Whilst still finding its feet, the Convent gardens intend to balance productivity and industry with a relaxed country atmosphere and a long-standing heritage of roses. Very little of the original gardens are still in place, other than some old rose bushes. At the Kandos Gardens Fair, visitors will be able to view photos of the gardens throughout the Convent’s life. The new owner has inherited a blank canvas to build upon.

Baby steps to redesign the garden

Baby steps to redesign the garden

So far, raised vegetable beds have been incorporated to support a keen cook, herbs have been added, which are a passion for the new owner, and the rose garden has been substantially supplemented. The Grotto has also been restored.

All these activities are understandably very new and will take some time to reap rewards. And much more is planned for the future.

The new owner is excited to be part of the community and participate in the Kandos Gardens Fair. Please say “Hi” when you visit and feel free to give feedback on the gardens as they begin to evolve.

The owner has a blog that you are welcome to visit or follow

http://conventandchapel.com

The new raised veggie beds

The new raised veggie beds

The BIG KGF Raffle – Coming Soon!

So many great prizes for gardeners! And thanks to our generous local sponsors.

So many great prizes for gardeners! And thanks to our generous local sponsors.

September is our raffle month. We will be sitting inside IGA at Kandos on three Fridays in September – 6th , 13th and 20th. Hopefully we will get good warm Spring days because it can be a bit miserable in front of the opening and closing doors. However we can’t complain – the more IGA customers that come through the doors, the more tickets we will sell!

We are lucky to have such a good business like IGA in town who supports local volunteer groups to hold raffles. Just imagine if we had to sit outside! We will also be selling tickets at Rylstone Markets on 14th September so please drop by.

We have found the raffle is a good money-raiser and also an opportunity to promote the Kandos Gardens Fair. Our cork-boards will have a poster, photos of past KGF events, a list of our wonderful sponsors and a list of prizes. And there will be a whole bunch of orange flyers to hand out.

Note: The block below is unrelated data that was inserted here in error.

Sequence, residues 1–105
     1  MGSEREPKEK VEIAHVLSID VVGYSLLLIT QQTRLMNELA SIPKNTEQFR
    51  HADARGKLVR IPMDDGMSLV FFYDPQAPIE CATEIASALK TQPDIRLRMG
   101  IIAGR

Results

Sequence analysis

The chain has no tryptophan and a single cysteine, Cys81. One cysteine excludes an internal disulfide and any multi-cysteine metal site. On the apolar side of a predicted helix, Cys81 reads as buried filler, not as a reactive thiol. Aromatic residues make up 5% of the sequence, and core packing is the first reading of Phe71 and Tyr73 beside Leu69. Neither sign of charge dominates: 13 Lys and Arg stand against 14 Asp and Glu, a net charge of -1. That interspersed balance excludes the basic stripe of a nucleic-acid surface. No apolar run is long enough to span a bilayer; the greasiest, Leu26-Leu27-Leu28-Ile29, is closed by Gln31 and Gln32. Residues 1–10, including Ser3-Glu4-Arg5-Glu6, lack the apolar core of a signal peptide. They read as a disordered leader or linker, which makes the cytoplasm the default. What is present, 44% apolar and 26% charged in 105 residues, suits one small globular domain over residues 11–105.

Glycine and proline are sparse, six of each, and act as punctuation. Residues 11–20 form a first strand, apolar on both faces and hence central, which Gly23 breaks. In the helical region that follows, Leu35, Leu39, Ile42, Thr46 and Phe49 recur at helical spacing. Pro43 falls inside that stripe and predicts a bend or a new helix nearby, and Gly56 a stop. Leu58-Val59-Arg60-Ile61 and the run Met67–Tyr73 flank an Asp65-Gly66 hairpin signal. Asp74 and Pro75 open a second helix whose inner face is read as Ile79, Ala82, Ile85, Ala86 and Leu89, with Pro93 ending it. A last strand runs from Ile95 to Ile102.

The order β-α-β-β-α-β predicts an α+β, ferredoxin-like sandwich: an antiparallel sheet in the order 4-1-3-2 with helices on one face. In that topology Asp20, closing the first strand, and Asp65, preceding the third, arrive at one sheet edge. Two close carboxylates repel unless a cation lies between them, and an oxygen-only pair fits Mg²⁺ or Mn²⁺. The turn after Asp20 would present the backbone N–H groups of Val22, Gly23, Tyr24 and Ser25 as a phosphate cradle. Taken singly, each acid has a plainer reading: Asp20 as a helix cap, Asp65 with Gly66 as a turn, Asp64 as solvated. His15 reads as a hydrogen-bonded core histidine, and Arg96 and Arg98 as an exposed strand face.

Support from local businesses in supplying raffle prizes has been gratifying. As an example Bruce’s Garden Centre in Dabee Road, Kandos, donated the wine barrel planter and three bags of fertiliser as part of our first prize. Bruce has a wonderful selection of plants, mulches, fertilisers, pots, barrels and garden art, as well as firewood (see below). Prices are good too. A number of his wine barrels and pots have been rehomed at the Convent and many other gardens in the area. It’s worth spending a bit of time at Bruce’s looking around as he has some treasures not readily found in many of the bigger commercial nurseries.

Rylstone Agricultural Supplies donated the four packs of mulch for the first prize. Colleen’s chooks (sadly no longer with us) would highly recommend the chook food from there.

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Spend some time investigating Bruce’s Garden Centre and you’re sure to come away with a treasure.

A Focus on Sustainability

A theme for the 2013 gardens is sustainability. All gardens on show will highlight various aspects of sustainable gardening practices, which is so important to our environment and particularly in rural areas.

Features of gardens will include:

  • efficient use of water
  • incorporation of  native plants
  • recycling of materials
  • use of non-toxic pesticides
  • use of organic fertilisers
  • composting
  • mulching
  • dry weather tolerant plants
  • worm farms
  • vegetable gardens
  • fruit trees
  • herbs for cooking and medicinal use
  • chickens and coops
  • native birdlife
  • weed control
  • animal and insect life
  • plant reproduction
Drawings by Bev Duff

Drawings by Bev Duff